I would NEVER use a visualiser to display misconceptions spotted in children’s work (although have heard horror stories where teachers do this) but when I spot them in work, I write them down, stop the class and invite the children to look at what I have done wrong. We discuss and they go back and check own work to make sure they haven’t made those errors. So no pointless next step marking they check the next day that means nothing. Immediate whole class feedback, under a visualiser, during a lesson in context to support progress.


IMG_0059I am a huge fan of daily retrieval practice and you can read blogs I have written about what they entail and mean on my WordPress site. For me, the ability to use a visualiser to quiz children instantly means my work load is down (as I am not generating resources to display) and can act instantaneously on things I see need immediately addressing. A visualiser allows the questions you have to be written and displayed. Yes, this can be done on word or other software, or indeed written on a white board. I personally find the ability to write, draw, scribble, use dual coding to express my thoughts SITTING DOWN COMFORTABLY can not be underestimated.


One final comment to make about the use of visualisers during recent stressful times is that that provide a wonderful support for parents at home to watch how you would deliver lessons. It isn’t the same as having their teacher there but that grounding of modelling and feedback can still be shared and used to produce excellent work at home using a visualiser. IMG_2520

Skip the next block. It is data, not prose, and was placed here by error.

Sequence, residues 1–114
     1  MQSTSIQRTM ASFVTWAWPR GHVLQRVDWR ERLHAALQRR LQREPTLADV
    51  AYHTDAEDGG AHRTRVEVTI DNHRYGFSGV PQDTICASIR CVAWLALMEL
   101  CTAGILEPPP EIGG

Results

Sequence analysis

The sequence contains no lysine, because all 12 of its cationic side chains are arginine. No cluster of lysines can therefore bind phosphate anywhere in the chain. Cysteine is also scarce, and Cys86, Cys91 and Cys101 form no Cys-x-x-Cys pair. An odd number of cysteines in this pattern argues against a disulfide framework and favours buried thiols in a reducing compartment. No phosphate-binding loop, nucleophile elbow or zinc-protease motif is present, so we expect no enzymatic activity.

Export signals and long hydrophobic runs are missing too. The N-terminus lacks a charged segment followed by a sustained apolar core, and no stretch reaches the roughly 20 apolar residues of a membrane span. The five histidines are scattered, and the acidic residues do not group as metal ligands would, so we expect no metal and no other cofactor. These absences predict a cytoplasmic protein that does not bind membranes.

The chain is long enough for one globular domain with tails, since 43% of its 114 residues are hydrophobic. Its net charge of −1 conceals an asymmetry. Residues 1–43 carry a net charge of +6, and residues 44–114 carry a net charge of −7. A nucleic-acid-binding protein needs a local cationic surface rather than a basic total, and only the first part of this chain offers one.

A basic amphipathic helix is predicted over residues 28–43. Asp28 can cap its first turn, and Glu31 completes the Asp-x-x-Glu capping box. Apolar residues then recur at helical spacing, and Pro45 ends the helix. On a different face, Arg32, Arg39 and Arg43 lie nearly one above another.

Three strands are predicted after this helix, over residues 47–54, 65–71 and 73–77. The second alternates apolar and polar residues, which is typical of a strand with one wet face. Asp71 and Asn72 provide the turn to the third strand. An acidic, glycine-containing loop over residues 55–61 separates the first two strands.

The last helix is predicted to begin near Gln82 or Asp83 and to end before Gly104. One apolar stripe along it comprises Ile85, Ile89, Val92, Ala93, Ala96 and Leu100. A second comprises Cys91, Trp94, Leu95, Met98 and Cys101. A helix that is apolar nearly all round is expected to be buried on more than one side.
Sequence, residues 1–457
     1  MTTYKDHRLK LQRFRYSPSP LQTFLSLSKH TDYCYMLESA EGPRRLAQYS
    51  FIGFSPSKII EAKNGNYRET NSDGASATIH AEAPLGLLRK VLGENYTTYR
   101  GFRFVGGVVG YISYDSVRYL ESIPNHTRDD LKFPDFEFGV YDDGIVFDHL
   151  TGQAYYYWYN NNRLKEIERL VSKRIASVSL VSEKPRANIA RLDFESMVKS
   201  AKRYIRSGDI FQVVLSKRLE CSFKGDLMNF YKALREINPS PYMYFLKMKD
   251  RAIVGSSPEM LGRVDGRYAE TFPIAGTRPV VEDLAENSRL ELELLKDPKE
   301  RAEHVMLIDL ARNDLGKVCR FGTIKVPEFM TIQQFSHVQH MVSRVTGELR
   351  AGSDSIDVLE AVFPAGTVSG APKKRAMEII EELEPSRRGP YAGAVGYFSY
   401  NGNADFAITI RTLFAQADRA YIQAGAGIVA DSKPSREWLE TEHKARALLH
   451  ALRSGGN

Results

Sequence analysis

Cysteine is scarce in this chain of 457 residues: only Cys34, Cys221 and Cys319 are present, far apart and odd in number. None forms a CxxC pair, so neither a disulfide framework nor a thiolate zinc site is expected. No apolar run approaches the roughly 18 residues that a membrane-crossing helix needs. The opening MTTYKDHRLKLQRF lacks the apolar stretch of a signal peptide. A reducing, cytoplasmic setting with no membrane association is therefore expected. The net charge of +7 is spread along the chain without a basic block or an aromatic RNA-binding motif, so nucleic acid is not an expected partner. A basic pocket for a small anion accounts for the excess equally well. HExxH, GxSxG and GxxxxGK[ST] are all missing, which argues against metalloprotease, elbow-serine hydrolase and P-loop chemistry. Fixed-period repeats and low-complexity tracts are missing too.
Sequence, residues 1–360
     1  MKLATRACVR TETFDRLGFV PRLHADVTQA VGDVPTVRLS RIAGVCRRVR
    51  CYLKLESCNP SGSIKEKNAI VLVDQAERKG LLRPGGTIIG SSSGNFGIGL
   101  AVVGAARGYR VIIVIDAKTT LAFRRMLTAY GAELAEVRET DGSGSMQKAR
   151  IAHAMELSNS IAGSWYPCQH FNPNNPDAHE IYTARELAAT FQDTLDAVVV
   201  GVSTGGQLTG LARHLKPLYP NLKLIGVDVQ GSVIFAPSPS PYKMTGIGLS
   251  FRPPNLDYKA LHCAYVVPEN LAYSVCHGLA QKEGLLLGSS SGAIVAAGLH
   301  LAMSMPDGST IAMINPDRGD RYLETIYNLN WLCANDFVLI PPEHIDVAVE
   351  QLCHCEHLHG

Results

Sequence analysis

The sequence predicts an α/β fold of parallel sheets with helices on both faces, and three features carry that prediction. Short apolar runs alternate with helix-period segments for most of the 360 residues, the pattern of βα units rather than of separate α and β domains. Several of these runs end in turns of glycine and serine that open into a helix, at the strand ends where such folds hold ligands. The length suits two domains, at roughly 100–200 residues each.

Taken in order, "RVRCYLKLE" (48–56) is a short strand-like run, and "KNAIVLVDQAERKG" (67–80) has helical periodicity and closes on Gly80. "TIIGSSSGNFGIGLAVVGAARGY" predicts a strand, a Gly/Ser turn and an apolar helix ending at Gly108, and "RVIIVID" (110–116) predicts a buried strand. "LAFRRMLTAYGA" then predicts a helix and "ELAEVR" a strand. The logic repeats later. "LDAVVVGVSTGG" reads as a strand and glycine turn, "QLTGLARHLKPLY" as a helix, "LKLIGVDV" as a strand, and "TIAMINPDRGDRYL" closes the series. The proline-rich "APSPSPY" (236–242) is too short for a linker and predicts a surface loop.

Why I Love Teaching

newWe’ve all seen that video. If you haven’t then you will have seen many similar. An uplifting, happy reflection on why one should consider embarking on a career in teaching. I don’t normally pay them much attention but this particular one seemed to stand out. When I watched it, I felt a warm glow as the relationship and interaction shown felt close to how I feel. I understood it was an advert, but liked the added touches such as coffee rings on the marking being done at lunch time and changing midflow to try a new tactic when the children could not grasp the concept.

I then followed with interest the comments that spilled from it. He was going home with the children. Not taking marking home. Not enduring endless observations. I get that. I also get that it was an advert. You are not going to see an advert to be a surgeon showing that your patient may die on you or you will end up doing 24 hour shifts and napping on a sofa in your office. Jobs are hard. They come with massive highs and massive lows and all one can do is try and focus on the good and work collaboratively as a profession to change the bad.

I am going to focus on all the reasons why I love teaching because ultimately we will all experience those bad days that make us want to go home and sink our face in bowl of cheese. Focusing on the good is what helps remind us why we do this job, despite the lows that can hit all of us at any young